All Mine
Off the Wall, February 2, 2017

I was talking to a physical therapist not too long ago about tidbits of this and that when she stopped our conversation and stated, “Your glasses are dirty. Give them to me. I’ll clean them for you.” It almost got to be a ritual visitation after visitation until I made up my mind one morning before her arrival that after breakfast, I would make sure my glasses were spotless and wouldn’t be embarrassed any more.

I’m sure she wasn’t asking me to put me down, so to speak. On the other hand, at least in my opinion, she was trying to be helpful.

Anyway, in kidding around, I said, “Since they are my glasses don’t I have the right to wear them that way if I so choose?” That brought on a whole other line of conversation.

It’s funny how one thing leads to another. She then proceeded to tell me about her daughter’s apparel just before she left for school one day.

“There she was walking out the door. Beth, did you know you have two different stockings on,” she said.

I don’t know the outcome of that embarrassing situation, but this is what I told “Mom.”

“You know, she has the right to wear any colored stocking on either leg because all the stockings are hers. If they were yours, then you may have some say to the matter, but in this case, she’s making the call and you have to go with it.”

There was no further discussion other than the fact that she commented, “I never thought of it that way.”

The people that will come down on her if they possibly do will be her peers. In the school system one’s fellow friends are the ones who call the shots.

It’s almost as though whatever youth decides to do as to be ‘trendy,’ parents will start to do the same thing.

I remember sometime back when female teens started adding colors of purple or blond to dark hair strands. It didn’t take long for adults starting to the same thing.

This behavioral pattern of conformity to societal norms became accepted, and it spread like wildfire.

Getting back to the “all mine” philosophy, I have been telling people for ages, “If I happen to wear a blue and a black sock, a tie that doesn’t match the rest of my suit, or even make a bad decision, the latter is “my bad,” as seems to be the latest expression, I have nobody else but me to blame.”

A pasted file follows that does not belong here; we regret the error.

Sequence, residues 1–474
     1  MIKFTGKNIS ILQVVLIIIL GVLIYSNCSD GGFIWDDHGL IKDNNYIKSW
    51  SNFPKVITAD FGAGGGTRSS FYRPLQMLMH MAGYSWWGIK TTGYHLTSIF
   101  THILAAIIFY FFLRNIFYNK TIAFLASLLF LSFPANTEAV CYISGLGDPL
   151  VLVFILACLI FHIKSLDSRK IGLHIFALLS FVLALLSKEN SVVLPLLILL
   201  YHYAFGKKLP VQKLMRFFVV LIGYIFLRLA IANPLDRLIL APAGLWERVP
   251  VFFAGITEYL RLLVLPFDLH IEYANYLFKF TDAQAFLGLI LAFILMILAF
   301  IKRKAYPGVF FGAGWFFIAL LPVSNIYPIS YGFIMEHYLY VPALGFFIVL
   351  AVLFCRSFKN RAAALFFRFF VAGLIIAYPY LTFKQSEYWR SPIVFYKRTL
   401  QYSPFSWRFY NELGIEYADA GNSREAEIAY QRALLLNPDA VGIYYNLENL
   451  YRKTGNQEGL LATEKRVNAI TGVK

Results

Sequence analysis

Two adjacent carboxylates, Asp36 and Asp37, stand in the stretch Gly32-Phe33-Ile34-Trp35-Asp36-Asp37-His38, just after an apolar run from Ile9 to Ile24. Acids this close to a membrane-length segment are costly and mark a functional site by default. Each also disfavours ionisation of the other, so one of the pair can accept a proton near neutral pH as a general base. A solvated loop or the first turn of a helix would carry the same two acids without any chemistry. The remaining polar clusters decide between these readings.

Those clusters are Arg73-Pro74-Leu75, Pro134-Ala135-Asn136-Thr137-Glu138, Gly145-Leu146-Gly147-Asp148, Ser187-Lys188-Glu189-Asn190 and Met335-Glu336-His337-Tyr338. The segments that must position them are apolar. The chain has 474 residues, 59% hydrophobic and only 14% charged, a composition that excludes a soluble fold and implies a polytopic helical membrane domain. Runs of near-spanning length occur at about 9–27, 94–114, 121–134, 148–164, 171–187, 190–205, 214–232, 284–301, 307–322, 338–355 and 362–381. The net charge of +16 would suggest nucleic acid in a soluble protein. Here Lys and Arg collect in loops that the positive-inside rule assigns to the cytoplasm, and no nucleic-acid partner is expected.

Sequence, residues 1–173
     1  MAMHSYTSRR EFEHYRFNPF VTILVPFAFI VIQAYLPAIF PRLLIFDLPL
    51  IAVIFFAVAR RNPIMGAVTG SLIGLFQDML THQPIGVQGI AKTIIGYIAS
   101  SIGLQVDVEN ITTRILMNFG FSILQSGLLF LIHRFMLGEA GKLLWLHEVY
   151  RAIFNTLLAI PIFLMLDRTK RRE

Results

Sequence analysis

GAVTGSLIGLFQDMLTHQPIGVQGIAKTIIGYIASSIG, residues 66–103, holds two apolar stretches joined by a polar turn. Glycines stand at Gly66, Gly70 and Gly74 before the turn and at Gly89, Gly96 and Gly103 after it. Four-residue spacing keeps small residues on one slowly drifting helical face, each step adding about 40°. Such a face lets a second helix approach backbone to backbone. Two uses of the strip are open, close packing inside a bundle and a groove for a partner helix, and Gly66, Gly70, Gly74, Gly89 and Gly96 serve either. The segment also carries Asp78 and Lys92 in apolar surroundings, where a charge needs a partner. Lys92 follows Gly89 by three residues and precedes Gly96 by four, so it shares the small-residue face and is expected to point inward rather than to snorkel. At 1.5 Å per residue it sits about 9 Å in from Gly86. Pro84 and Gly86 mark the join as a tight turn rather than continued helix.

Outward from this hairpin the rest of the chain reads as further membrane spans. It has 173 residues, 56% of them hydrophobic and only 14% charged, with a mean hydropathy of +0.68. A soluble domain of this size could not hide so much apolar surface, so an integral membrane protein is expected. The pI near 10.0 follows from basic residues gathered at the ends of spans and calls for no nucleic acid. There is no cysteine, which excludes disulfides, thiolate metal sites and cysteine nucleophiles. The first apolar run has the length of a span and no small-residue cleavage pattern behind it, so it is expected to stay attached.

When I grew up I remember my parents teaching me the expression, “Keeping up with the Jones.’ The explanation went like this. If all the neighbor’s goods was equivalent to what was all mine in regards to materialistic wealth, everything was even keel. But as soon as the neighbor bought something new, I, too, had to buy something more if not as good, maybe something better.

I believe that people that think that was are insecure materialists who tend to live a gaudy lifestyle for the sake of trying to seek attention.

How many people have we seen walk about our hometown communities wearing flashing outfits, some with horns from the devil or a reindeer made in form of a headdress?

Oh, these people can say that these possessions are all theirs, so they can wear them anytime, any place. Who are we to judge to tell them what they can do and what they can’t.

The hard thing, in my opinion is to not cast judgment of any kind.

We are told in the scriptures, “It is God who justifies (Romans 8:33, New Revised Stand Version).” That means I can wear dirty glasses if I want, the physical therapist daughter can wear her stockings anyway she wants, female teens and adults can color their hair anyway they want, and the Jones’ can buy anything they want and it should not matter. We are not treat a person as to his or her appearance. Let’s leave the judging to God. Instead, we are to love others unconditionally without showing favoritism because of appearance, possessions, or lack of them.

As for me, you may see me about town wearing a helmet on my head. Even though this headpiece is all mine, I’m not trying to call attention to myself nor am I insecure, or trying to start a new fad.

Recently, I had a bout with post concussion syndrome. I call it “preservation of the noggin.”

- Paul J. Volkmann
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